Phishing with PowerPoint

How do we make sure people open up our malicious files and execute them? We simply let Microsoft work for years and years to gain people’s trust, then we throw some dangerous macros into a powerpoint and people will actually have a smile on their face as they open it.

This other great blog post goes into more detail on the macros themselves and how to evade antivirus. This blog post ads a trick to get the macro to run as soon as the file is open without requiring additional user action, such as clicking or generating a mouseover event. This is a hack needed specifically for Powerpoint because it does not provide an Auto_Open or Workbook_Open option like Microsoft Word and Excel provide.

This blog post will cover how to get your macro to run as as soon as they enable macros via a nice little warning banner at the top of their screen.

First things first, we need to open our powerpoint presentation and add the “DEVELOPER” Tab if it isn’t already there.

In the developer tab click the “Visual Basic” button on the far left and that will open up a new window. Next, go to Insert>Module and here you can add in your macros. For this example we will open a message box.

Or, if you just want to copy the text for yourself:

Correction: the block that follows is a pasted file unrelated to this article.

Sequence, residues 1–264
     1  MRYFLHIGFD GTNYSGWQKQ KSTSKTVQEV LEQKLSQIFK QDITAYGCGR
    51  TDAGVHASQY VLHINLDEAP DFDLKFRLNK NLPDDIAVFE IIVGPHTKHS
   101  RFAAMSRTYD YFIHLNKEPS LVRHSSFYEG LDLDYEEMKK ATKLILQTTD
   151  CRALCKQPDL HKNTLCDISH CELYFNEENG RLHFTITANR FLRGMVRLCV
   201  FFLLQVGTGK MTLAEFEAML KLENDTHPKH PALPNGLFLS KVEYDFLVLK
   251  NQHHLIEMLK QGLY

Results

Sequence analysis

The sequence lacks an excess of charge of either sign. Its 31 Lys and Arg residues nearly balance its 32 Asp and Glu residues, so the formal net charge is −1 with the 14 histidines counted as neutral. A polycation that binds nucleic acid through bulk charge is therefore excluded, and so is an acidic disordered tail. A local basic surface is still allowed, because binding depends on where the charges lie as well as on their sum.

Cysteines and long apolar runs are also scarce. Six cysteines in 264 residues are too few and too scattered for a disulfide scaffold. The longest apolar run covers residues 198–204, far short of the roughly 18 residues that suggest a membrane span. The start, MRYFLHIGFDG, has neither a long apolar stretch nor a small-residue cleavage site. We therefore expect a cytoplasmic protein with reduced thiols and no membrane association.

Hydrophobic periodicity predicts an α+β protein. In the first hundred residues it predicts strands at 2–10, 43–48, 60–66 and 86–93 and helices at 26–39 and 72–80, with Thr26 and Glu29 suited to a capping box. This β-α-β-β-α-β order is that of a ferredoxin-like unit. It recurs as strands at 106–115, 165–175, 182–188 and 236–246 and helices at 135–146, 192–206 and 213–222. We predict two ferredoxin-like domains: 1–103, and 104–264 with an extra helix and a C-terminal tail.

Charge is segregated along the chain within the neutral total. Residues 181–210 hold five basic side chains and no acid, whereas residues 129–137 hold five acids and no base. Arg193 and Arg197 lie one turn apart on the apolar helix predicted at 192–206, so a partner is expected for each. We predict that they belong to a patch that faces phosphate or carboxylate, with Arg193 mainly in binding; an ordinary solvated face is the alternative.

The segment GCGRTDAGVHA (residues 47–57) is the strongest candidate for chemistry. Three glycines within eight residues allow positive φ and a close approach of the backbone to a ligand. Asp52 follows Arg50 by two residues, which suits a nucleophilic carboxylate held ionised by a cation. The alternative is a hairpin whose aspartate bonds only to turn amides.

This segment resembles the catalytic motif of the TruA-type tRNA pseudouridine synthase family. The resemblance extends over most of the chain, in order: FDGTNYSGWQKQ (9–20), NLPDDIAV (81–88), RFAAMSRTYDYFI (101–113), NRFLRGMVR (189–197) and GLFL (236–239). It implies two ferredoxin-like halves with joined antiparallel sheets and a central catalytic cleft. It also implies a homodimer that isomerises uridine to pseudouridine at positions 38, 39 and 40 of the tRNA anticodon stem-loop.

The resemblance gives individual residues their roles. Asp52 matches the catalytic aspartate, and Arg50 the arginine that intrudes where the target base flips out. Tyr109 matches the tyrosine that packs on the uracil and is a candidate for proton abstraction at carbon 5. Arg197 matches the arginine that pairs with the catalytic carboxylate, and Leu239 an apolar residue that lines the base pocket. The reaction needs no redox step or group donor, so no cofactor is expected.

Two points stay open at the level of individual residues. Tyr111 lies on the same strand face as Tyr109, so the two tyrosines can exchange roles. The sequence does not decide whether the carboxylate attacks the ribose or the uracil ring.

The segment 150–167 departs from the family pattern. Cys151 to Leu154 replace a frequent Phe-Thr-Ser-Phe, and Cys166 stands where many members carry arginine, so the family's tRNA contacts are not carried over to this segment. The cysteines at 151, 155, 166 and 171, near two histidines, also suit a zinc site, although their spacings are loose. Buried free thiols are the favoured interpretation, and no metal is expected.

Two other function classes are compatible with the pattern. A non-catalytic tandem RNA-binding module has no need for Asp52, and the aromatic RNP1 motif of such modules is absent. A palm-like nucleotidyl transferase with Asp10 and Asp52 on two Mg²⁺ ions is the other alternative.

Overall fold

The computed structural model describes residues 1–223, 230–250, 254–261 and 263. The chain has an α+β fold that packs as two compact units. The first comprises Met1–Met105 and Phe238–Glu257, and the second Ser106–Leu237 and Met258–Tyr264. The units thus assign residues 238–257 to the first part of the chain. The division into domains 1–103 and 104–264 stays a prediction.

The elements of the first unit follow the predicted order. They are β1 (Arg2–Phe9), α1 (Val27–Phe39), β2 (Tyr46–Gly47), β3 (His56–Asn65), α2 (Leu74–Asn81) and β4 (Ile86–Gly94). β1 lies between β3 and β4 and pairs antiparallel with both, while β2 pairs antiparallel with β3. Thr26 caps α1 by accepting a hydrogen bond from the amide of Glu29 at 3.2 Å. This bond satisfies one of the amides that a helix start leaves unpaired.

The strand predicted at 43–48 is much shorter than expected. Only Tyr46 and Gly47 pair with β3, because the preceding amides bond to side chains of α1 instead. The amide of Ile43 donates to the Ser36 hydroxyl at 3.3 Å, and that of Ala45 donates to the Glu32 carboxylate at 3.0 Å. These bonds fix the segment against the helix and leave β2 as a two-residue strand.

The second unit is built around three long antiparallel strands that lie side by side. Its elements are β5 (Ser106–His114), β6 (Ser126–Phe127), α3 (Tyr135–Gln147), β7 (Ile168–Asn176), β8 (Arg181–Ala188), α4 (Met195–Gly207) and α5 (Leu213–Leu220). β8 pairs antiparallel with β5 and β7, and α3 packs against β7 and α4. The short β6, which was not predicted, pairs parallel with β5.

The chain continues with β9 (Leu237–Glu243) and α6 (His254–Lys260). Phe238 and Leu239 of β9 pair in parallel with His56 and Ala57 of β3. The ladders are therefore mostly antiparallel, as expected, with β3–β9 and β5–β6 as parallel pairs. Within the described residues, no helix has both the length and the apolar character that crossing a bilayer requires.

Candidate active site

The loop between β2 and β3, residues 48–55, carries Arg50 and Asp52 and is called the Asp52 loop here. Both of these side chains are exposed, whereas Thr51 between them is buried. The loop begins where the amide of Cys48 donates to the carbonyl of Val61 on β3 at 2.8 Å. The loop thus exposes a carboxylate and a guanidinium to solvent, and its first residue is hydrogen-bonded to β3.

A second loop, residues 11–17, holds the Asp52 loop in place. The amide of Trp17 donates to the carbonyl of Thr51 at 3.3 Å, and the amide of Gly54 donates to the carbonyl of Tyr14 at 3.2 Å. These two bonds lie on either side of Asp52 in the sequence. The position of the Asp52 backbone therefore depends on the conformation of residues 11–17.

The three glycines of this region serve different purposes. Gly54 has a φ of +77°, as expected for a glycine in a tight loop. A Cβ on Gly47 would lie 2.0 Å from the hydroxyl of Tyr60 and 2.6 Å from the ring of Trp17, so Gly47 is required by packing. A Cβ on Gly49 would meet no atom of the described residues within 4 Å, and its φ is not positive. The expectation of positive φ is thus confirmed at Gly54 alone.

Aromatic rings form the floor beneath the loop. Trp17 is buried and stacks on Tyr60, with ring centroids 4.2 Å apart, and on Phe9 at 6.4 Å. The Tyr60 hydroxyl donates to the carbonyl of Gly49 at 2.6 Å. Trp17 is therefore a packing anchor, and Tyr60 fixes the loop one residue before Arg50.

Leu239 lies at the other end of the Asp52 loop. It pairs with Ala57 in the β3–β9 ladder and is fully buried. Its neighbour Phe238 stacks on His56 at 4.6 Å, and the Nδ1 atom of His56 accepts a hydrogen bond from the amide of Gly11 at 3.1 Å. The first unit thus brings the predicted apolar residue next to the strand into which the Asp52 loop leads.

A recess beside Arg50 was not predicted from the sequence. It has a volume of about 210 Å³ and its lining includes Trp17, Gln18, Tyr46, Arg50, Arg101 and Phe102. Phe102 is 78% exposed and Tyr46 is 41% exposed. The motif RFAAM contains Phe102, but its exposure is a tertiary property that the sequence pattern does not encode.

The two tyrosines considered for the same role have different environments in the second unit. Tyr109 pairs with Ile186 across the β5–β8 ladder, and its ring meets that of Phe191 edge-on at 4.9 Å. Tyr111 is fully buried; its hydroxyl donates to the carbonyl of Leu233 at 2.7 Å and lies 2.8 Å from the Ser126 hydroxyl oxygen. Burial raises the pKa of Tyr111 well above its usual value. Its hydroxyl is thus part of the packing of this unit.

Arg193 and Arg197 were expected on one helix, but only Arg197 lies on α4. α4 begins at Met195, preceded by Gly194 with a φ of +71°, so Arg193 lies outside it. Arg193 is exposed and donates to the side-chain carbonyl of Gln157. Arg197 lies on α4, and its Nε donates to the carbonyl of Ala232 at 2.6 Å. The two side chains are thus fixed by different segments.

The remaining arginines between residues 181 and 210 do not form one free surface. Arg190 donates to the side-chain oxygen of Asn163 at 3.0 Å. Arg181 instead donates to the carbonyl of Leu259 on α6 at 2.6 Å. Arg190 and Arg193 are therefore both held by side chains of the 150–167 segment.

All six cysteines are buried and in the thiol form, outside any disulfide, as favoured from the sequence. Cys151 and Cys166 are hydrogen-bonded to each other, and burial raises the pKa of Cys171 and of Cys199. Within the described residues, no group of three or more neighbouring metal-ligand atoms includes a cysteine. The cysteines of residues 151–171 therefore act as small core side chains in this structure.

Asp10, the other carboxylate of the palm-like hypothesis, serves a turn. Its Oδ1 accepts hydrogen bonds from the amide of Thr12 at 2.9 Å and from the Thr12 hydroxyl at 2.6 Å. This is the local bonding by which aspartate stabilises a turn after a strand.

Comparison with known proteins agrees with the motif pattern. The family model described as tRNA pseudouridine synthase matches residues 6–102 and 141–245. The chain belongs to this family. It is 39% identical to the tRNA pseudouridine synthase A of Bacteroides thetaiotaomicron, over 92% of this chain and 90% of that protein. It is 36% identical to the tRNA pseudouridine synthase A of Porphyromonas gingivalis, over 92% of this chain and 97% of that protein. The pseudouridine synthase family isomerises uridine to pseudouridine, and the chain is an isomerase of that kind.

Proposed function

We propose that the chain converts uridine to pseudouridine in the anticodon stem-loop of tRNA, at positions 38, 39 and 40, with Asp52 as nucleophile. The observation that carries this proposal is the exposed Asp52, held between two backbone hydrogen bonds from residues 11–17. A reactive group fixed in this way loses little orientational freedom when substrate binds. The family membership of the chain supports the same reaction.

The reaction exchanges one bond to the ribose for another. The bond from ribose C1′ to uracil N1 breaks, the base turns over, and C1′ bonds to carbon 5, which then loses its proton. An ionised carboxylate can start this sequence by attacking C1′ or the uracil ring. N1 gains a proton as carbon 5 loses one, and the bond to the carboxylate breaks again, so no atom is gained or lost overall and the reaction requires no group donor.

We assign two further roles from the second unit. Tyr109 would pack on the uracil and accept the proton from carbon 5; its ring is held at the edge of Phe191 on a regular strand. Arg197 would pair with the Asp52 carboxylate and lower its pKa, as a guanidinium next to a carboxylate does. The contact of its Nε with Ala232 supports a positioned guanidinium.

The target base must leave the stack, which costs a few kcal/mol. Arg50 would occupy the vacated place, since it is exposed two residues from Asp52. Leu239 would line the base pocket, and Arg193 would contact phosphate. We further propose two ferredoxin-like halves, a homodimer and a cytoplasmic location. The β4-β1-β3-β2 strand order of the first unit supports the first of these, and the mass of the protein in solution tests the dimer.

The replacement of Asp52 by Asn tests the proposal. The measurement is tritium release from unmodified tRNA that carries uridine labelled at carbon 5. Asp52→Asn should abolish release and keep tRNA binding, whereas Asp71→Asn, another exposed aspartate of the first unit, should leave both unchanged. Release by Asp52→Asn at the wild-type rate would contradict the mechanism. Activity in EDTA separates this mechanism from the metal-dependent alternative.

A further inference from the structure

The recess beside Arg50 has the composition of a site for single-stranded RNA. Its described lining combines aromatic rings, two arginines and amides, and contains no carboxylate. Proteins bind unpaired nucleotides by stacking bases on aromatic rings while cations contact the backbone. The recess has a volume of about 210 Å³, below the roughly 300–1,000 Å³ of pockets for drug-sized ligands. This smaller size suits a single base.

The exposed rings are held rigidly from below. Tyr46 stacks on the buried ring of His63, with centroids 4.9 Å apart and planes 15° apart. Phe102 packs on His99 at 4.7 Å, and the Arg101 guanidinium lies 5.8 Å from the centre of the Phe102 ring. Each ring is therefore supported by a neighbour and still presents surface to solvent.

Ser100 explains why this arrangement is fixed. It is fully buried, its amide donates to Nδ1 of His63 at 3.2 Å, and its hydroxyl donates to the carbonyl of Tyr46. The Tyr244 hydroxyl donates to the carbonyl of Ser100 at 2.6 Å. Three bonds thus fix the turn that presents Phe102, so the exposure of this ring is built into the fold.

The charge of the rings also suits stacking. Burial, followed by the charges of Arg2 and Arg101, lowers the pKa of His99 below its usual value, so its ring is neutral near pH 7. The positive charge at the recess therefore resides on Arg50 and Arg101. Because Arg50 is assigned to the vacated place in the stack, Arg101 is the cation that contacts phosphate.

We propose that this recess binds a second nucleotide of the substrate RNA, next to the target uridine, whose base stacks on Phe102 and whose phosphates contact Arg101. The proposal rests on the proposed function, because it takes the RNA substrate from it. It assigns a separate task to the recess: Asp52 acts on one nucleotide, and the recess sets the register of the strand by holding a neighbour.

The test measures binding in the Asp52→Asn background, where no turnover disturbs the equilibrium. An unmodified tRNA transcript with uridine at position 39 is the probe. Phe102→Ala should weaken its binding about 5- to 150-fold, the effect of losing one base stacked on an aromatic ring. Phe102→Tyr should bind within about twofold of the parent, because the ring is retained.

Sub Run_On_Open()

    MsgBox “Run_On_Open just ran”

End Sub

Of course, if this had been an actual malicious attempt, you would have put your antivirus evading payload here instead, as shown in Sally’s blog post.

Save the powerpoint as a .pptm file and close it for now. Now there is the fast way and the barely slower way to do these next few steps. The fast way being the use of a program called CustomUI Editor which you can find a tutorial on how to use it for this purpose here. We can’t recommend the use of any random .msi file, so instead we are going to go through the more manual option.

First, you will want to unzip the powerpoint file into its own directory, then you will need to edit the _rels/.rels file to add this line right before the last </Relationships>:

<Relationship Type=””

Target=”/customUI/customUI.xml” Id=”Rd6e72c29d34a427e” />

Next, you will need to create a new directory on the same level as the _rels directory.

Create a file named customUI.xml in this new directory and add the following text:

<customUI xmlns=”

onLoad=”Run_On_Open” >


Zip your files back up. If you are on a mac, make sure you exclude the .DS_store files.

zip -r newRunOnOpen.pptm . -x “*.DS_Store”

Make sure you name it with a .pptm extension since the powerpoint must be able to load the custom ribbon we created. Your macros should now run upon opening of the powerpoint (once you enable macros).